Cardiff’s next match against Arsenal at the Emirates Stadium on Tuesday, 29 January is expected to go ahead as planned.

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Human mutation rate slowing behind that of primate relatives, study finds | Science & Tech News



New research has discovered that the human mutation rate is slowing significantly behind that of our closest primate relatives.

Genomic mutations play a key part in evolution, but new work by researchers from Aarhus University and Copenhagen Zoo in Denmark have found that humanity’s genome is not changing very much at all.

The scientists found that over the past million years, humanity’s genome has been lagging behind that of chimpanzees, gorillas and orangutans.

By sequencing the entire genome of families, researchers attempted to identify new mutations by spotting genetic variations which were only present in the children and not the parents.

“Over the past six years, several large studies have done this for humans, so we have extensive knowledge about the number of new mutations that occur in humans every year,” said Spren Besenbacher of Aarhus University.

“Until now, however, there have not been any good estimates of mutation rates in our closest primate relatives.”

The study examined 10 families’ parents and offspring: seven chimpanzee families, two gorilla families and one orangutan family.

A chimpanzee smiling
Humans could have separated from chimpanzees more recently than thought

Researchers found more mutations in all of the families than expected compared to existing studies of human genomic variations – meaning human’s annual mutation rate is roughly a third lower than that of apes.

This has significant repercussions on the length of time previously thought to have passed since the most recent common ancestor of both humans and chimpanzees – because the genetic differences between the two species will have accumulated over a shorter period.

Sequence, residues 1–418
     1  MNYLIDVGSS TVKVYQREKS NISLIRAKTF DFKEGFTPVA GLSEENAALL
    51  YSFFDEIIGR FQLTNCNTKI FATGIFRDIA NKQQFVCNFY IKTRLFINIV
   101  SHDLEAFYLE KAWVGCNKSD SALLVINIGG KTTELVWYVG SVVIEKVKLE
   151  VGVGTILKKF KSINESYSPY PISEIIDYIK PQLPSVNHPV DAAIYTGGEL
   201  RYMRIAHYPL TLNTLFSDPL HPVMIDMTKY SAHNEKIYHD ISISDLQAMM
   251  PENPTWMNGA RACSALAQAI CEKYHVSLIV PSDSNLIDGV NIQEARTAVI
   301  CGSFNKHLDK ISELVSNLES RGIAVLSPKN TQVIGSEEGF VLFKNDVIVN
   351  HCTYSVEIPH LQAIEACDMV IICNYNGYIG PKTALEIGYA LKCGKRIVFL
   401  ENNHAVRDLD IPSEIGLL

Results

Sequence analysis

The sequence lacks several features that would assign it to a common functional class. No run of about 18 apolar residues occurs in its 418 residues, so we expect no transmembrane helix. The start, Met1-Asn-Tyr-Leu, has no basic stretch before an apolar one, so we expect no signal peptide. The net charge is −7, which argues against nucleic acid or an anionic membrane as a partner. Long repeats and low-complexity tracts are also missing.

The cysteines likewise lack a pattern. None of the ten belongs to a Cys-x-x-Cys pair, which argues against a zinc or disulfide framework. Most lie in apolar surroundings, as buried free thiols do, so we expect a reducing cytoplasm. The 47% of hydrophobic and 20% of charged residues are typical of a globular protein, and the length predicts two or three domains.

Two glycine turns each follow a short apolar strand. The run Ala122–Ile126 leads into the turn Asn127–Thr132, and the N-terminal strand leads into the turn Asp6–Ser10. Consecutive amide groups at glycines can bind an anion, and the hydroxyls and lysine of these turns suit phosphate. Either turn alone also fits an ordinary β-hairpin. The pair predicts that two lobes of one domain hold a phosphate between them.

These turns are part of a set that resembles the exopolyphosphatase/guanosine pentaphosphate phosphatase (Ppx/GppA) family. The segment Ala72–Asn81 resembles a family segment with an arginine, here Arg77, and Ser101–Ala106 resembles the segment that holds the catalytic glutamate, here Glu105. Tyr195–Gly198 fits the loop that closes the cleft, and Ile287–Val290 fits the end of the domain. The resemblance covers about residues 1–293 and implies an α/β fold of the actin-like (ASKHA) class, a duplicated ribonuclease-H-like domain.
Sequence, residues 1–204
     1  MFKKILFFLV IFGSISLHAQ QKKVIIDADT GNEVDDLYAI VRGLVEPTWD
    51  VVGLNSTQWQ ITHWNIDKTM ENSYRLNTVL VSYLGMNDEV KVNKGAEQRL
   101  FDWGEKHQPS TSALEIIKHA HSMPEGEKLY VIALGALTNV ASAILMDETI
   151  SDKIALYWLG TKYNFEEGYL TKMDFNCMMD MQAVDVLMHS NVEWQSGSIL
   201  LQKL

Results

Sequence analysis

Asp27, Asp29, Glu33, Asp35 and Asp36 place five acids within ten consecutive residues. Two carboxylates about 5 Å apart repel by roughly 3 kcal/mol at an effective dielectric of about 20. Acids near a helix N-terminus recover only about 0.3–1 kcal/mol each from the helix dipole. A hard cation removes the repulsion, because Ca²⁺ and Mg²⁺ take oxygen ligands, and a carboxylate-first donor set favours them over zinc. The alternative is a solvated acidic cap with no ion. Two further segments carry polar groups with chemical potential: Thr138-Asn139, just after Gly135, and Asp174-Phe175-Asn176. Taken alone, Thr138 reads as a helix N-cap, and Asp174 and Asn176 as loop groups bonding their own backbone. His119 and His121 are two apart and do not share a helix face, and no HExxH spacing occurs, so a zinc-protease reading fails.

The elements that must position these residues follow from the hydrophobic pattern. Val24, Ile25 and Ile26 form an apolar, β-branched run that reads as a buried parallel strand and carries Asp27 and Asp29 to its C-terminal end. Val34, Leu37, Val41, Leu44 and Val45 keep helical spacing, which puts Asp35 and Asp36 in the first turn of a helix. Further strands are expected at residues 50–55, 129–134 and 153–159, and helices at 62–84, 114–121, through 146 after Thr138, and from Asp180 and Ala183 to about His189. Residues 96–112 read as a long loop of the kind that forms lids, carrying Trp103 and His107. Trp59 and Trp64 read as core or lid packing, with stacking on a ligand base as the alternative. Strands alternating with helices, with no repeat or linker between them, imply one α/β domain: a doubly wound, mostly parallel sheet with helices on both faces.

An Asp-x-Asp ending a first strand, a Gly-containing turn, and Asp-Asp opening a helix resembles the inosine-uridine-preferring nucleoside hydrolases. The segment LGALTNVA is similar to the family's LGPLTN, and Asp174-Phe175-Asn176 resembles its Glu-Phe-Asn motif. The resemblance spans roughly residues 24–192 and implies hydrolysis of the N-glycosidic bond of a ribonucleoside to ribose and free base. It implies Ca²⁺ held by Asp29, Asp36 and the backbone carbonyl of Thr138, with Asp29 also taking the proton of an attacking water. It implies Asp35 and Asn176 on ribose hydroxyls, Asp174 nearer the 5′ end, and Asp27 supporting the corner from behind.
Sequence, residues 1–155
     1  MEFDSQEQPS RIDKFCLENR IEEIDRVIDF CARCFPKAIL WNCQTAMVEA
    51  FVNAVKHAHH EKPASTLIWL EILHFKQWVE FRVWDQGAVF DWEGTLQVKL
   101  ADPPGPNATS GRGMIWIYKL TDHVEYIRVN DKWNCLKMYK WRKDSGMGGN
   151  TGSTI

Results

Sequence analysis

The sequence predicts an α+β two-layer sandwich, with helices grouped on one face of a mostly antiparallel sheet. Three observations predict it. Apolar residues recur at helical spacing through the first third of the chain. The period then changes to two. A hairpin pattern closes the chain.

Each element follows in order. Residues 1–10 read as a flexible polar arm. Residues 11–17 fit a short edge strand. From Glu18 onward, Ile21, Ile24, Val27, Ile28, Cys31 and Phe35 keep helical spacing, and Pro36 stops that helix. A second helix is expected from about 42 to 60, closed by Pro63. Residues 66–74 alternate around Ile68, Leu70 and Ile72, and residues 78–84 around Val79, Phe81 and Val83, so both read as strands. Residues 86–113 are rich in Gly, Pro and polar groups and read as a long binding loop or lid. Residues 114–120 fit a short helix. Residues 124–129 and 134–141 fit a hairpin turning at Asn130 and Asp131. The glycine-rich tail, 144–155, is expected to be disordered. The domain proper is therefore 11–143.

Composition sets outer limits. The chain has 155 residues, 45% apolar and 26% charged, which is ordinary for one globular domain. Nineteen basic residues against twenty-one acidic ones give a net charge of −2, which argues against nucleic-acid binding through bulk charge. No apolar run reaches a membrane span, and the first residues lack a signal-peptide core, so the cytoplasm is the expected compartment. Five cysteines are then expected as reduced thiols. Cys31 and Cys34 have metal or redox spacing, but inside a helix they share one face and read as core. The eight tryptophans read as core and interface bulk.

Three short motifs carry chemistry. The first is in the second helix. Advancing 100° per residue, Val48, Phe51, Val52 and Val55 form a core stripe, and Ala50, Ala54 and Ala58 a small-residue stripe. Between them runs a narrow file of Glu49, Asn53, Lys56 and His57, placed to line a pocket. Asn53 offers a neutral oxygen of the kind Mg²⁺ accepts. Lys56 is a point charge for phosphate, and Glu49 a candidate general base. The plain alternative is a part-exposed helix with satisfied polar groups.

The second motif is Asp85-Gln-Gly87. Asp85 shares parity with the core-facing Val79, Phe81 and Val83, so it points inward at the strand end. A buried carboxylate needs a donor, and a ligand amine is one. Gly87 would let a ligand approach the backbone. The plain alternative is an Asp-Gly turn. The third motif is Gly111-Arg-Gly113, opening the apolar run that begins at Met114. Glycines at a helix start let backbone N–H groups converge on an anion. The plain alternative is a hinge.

Applying the higher mutation rate for apes, scientists estimate that humans and chimpanzees separated roughly 6.6 million years ago – compared to 10 million years ago going by the mutation rate for humans.

“The times of speciation we can now calculate on the basis of the new rate fit in much better with the speciation times we would expect from the dated fossils of human ancestors that we know of,” explained Mikkel Heide Schierup from Aarhus University.

This reduction in the human mutation and thus evolution rate could also mean that humans and Neanderthals could have split more recently than currently estimated.

Christina Hvilsom from Copenhagen Zoo added that the findings could have major repercussions on great ape conservation projects.

“All species of great apes are endangered in the wild,” she said.

“With more accurate dating of how populations have changed in relation to climate over time, we can get a picture of how species could cope with future climate change.”

The study, “Direct estimation of mutations in great apes reconciles phylogenetic dating”, has been published in Nature Ecology and Evolution.